One of the greatest crowdsourcing fails since the term was coined became official just a few days ago. Most people have never heard of Prizes.org, but they've probably heard of the company that half-heartedly ran the crowdsourced contest platform for less than a year before giving up on it -- Google.
Today, Prizes.org is officially dead. After initially announcing the discontinuation of the product last summer, it finally went offline on January 31.
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The story of Prizes.org is a case of an ambitious vision unrealized and a platform and a community essentially left to rot at the hands of corporate neglect. Here's how Google explained the platform when it launched in the middle of 2011:
It's a place where you can win real cash prizes by coming up with the best ideas to help others out. People create contests on Prizes.org with real money bounlties for anything they need, ranging from advice for the perfect weekend getaway, ideas for a best man's speech, to a plan for losing weight for summer.At the time, Google also said its long term vision for Prizes.org was to create something similar to the X Prize Foundation, which puts up big money to encourage the crowd to solve big problems. But what Prizes.org became during its very short life was a home for scammers and a (rarely noticed, but very real nonetheless) black-eye for Google and the entire crowdsourcing movement.
Prizes.org is one of the very few platforms that we here at Crowdsourcing.org received multiple complaints about from readers. Reports of fraudulent contests, shill entries and other kinds of nastiness also permeate a number of online forums.
Google appears to have made an effort to intervene in some cases of fraud, but without any clear resolution to the complaints. Just like Prizes.org itself, even the most widely flagged instances of fraud (like the notorious Gourth Bags contest), ever garnered much attention.
Prizes.org was the only legacy product of Google's 2010 acquisition of social gaming company Slide that wasn't axed shortly after the search giant bought the small company for a few hundred million dollars. Google quietly launched Prizes.org in mid-2011 and then seemed to forget about it.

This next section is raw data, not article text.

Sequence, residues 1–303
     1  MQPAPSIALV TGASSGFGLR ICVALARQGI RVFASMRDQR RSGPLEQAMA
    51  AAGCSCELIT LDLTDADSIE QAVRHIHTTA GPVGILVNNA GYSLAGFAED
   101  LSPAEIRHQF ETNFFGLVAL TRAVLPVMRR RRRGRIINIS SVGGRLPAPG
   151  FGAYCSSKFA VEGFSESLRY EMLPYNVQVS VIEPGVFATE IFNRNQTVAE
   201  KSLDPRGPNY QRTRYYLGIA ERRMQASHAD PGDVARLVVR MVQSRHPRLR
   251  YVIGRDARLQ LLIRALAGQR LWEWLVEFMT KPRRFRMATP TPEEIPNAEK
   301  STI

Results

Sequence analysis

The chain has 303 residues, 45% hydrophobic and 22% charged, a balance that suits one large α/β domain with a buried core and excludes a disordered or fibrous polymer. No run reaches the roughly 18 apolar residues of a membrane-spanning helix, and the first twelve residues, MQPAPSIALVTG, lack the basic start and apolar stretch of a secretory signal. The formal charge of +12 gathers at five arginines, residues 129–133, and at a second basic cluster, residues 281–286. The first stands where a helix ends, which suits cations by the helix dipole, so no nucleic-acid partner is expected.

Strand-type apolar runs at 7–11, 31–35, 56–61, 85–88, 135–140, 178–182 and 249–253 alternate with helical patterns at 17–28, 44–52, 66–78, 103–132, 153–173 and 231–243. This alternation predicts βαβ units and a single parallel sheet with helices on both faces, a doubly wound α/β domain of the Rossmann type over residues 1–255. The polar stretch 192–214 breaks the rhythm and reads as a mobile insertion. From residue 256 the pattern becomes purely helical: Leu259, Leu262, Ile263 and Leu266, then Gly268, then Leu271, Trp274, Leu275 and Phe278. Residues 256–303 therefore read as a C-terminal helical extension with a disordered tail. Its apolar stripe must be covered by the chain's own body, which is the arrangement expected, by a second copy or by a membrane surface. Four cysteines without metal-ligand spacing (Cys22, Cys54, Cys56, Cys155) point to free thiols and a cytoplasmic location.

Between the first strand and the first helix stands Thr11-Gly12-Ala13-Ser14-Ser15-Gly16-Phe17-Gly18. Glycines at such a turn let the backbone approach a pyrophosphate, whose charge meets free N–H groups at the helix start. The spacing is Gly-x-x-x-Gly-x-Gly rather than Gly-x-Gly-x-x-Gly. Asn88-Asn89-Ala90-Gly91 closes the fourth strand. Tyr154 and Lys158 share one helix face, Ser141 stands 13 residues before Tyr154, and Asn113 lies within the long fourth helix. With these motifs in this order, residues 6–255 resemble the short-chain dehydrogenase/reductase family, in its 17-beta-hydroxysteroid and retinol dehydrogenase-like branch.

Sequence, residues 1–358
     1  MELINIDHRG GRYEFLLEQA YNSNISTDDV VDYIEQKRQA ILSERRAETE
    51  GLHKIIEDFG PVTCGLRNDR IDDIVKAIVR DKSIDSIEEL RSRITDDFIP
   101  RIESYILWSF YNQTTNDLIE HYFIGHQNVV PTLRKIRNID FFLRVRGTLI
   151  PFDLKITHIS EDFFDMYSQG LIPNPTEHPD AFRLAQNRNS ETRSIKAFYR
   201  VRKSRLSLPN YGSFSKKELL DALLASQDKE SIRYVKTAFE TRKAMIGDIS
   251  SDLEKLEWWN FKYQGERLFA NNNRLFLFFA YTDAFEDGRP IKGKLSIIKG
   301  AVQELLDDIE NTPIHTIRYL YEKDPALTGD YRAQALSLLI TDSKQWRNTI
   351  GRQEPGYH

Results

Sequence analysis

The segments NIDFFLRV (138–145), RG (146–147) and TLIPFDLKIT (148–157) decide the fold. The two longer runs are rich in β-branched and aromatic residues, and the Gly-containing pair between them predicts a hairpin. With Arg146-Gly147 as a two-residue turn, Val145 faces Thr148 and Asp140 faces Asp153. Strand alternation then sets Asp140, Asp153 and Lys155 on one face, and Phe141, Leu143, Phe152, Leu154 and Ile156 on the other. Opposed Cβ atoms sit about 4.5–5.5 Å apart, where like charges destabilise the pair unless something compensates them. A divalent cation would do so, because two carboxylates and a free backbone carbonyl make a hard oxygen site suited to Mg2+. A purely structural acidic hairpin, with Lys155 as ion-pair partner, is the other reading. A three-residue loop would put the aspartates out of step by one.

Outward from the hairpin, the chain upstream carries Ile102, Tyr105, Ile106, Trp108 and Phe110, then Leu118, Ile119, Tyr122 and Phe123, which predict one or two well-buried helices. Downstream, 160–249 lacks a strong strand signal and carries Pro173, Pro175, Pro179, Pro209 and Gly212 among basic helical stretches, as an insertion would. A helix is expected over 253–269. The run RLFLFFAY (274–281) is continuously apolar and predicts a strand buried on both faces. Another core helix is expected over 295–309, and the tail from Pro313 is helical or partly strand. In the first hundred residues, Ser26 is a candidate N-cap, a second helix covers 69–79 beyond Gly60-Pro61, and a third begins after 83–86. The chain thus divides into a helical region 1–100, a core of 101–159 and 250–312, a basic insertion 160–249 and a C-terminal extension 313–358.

The crowd has demonstarted time and time again its capability to police itself, but for the system to work, it's important that there be a little bit of adult supervision, usually in the form of a platform that lays down the ground rules and then enforces them.
When those rules aren't strong enough, or your platform operator is too busy buying Motorola and battling Apple to enforce them, you get Prizes.org.
Meanwhile, the bounty or prize-based model is alive and well. Bounty IT and BusinessLeads are just two examples of platforms that are pulling it off better than Google did. Hopefully neither of them get bought out by a quarter-trillion dollar company and thrown into the digital compost heap.
Google could learn a lot from Peter the founder of the X prize if you are mission driven NEVER GIVE UP! http://www.youtube.com/watch?v=a828U54X0VM&feature=youtu.be what did they do wrong? Or do you realy think that they give up on all the great ideas because they are not mission driven...thank you for making a difference i also retweeted Crowdsourcing Takes Center Stage in Businesses http://blogs.wsj.com/cio/2013/02/01/crowdsourcing-takes-center-stage-in-businesses/ … #innovation @ClintBoulton http://blogs.wsj.com/cio/2013/02/01/crowdsourcing-takes-center-stage-in-businesses/
Peter Diamandis hopes to help large corporations shake off any anti-crowdsourcing sentiment. In March, the Singularity University Mr. Diamandis co-founded to educate business leaders about emerging technologies will host a program to teach senior executives from Google, PepsiCo, The Dow Chemical Co. and other companies on how crowdsourcing is changing the dynamics of business. “Companies are changing how they create their content, their workforces, and produce their products,” Peter Diamandis could give Google.org the power to realy CHANGE THE WORLD!